At the end of 2012, the mobile market consisted of over 6.5 billion accounts, and subscriptions are expected by ICT’s Facts and Figures report to equal close to the worlds population by the end of 2013. This equates to about 3.4 billion users, or nearly one of every two people on the planet (Johnson, Adams Becker, Cummins, Estrada, Freeman, & Ludgate, p. 16). This was an astonishing fact to me but also one that aspires me to think of the implications for the classroom. This makes for a very viable choice for a Bring Your Own Device initiative that will help cut information technology costs. The various educational applications that are available on Mobile devices allows for widespread use within the classroom. Other ideas for the use of Mobile Learning devices are listed here: access information, receive instruction, record

measurements and conduct research; create music; create digital stories; learn about internet safety; real-time feedback based on mobile applications that allow for question and answer; develop fine motor skills, vocabulary, speech and design skills within special education courses; and use as a recording device to capture learning experiences for digital portfolio’s (Johnson, Adams Becker, Cummins, Estrada, Freeman, & Ludgate, p. 18).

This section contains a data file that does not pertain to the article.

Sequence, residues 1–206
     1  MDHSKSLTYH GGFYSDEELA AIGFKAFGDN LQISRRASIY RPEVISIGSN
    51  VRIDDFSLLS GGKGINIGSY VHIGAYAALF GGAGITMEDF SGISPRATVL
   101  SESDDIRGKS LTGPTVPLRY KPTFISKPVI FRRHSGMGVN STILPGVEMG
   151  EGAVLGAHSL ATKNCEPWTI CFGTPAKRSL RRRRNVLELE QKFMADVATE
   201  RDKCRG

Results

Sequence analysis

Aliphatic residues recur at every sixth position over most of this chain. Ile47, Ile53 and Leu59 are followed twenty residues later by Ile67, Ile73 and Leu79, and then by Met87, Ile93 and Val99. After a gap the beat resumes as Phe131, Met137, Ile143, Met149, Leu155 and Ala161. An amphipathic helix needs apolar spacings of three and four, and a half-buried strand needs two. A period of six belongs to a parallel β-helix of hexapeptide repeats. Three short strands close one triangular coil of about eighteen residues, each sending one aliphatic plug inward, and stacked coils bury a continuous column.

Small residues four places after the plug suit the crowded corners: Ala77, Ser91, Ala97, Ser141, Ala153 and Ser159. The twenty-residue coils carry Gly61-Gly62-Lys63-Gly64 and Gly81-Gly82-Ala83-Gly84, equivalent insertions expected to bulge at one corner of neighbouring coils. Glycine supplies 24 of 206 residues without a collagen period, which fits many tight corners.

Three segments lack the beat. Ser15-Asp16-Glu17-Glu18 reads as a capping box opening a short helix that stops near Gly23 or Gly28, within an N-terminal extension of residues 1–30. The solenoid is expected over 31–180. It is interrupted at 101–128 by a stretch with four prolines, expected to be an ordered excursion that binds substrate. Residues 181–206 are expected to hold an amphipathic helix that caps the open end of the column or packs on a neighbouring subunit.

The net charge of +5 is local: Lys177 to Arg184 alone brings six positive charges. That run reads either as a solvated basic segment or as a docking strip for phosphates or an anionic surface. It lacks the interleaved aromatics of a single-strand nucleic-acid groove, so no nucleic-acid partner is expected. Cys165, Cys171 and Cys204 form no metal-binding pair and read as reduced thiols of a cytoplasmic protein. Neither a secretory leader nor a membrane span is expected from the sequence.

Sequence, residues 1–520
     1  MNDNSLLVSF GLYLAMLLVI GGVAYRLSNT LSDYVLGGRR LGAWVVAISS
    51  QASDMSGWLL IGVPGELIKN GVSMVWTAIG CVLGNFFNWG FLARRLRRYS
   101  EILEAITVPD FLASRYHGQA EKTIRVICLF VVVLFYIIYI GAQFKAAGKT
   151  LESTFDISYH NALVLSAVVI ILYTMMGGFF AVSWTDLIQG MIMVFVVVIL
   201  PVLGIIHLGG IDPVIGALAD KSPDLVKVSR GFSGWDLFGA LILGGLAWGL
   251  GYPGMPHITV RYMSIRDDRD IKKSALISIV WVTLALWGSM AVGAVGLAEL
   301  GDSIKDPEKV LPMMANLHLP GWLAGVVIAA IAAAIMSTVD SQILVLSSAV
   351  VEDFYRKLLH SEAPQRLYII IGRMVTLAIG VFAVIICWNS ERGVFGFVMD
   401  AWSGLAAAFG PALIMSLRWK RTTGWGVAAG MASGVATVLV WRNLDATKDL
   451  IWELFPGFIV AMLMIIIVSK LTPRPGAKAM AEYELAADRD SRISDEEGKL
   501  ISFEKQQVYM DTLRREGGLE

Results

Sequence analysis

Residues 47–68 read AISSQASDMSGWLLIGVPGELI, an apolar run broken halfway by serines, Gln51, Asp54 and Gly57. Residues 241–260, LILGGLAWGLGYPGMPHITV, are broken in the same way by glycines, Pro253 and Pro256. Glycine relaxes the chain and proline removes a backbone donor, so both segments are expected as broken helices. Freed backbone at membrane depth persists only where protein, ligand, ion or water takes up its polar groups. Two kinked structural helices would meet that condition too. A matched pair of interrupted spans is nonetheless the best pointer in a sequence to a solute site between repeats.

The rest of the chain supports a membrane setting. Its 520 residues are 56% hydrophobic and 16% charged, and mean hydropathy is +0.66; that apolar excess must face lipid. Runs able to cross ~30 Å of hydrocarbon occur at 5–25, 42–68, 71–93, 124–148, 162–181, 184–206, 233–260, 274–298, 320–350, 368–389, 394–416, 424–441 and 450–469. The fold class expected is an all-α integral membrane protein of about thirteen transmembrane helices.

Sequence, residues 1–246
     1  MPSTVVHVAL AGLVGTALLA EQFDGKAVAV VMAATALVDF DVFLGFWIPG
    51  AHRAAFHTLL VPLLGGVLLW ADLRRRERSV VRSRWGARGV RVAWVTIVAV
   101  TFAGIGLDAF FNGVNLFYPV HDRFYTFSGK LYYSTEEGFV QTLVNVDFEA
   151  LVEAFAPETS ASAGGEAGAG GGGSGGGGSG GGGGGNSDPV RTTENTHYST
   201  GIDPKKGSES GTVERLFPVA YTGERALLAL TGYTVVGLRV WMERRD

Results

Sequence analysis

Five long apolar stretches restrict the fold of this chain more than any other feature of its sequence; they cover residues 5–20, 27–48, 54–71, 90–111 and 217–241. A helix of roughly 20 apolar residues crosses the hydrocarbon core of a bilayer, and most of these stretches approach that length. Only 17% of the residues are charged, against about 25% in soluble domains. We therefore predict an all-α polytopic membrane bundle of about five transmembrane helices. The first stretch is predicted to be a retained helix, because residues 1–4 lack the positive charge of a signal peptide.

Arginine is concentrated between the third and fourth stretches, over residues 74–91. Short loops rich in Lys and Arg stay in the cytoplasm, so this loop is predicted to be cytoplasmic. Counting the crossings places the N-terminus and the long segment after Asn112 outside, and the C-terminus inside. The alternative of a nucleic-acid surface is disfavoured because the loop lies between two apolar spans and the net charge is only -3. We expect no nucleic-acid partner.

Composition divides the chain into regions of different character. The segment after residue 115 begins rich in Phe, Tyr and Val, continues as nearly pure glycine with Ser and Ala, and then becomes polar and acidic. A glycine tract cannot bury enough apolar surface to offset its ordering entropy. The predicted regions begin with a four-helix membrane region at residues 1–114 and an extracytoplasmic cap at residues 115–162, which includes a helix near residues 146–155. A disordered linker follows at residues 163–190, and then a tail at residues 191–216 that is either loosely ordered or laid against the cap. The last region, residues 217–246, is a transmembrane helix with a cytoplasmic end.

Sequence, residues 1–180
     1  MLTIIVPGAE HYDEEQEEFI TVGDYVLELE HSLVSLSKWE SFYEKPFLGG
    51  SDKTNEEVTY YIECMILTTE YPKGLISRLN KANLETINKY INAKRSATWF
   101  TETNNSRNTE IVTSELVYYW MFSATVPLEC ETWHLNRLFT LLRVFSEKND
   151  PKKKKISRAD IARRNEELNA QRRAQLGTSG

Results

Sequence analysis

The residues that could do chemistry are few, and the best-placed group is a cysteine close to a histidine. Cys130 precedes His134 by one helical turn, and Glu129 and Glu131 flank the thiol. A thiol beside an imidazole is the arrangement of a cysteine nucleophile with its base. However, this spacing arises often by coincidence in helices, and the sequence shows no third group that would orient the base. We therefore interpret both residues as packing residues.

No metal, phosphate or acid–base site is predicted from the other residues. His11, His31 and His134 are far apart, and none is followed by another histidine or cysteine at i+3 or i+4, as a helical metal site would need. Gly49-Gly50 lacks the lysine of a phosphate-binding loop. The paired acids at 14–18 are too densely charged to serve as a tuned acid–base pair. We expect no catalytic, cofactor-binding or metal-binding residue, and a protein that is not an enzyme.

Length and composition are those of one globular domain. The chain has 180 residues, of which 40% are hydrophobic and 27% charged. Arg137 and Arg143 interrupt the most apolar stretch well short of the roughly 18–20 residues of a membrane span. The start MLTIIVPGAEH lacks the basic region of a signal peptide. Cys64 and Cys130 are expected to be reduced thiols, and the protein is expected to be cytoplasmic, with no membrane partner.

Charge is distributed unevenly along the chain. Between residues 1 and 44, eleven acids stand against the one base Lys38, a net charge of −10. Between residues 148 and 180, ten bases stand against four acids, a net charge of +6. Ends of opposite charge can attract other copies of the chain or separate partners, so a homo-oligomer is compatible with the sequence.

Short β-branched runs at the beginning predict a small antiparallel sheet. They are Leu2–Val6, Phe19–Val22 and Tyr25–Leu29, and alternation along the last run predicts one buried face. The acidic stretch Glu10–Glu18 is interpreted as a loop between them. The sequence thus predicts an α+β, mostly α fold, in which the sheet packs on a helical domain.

Another technology that I believe is overlooked in K-12 classrooms is the need for good acoustics. As Johnson (2001) puts it: Poor acoustics interferes with speech intelligibility -- the ability of a student to hear and correctly interpret instruction or discussion. When a classroom sounds "echoey," or when outside traffic or noise from the gym class next door interrupts a student's concentration, it's likely that students will miss or misinterpret part of the teacher's lesson. If this happens too often, a student may tune out because it's too much of an effort to listen. As a result, learning suffers (Johnson E. ). When discussing acoustics we are not simply talking about amplifying the teacher’s voice, but rather distributing the sound equally throughout the entire room. According to David Parrish (2010), multiple studies have put the number of school-age children who test positive for mild hearing loss at 14 percent (Reinhard, 2010). There are many reasons for wanting to adjust the sound within the classroom, but the main reasons are to make sure that all students within the classroom can hear the teacher, and also to allow all students to hear students answering discussion questions. Increase in student engagement and motivation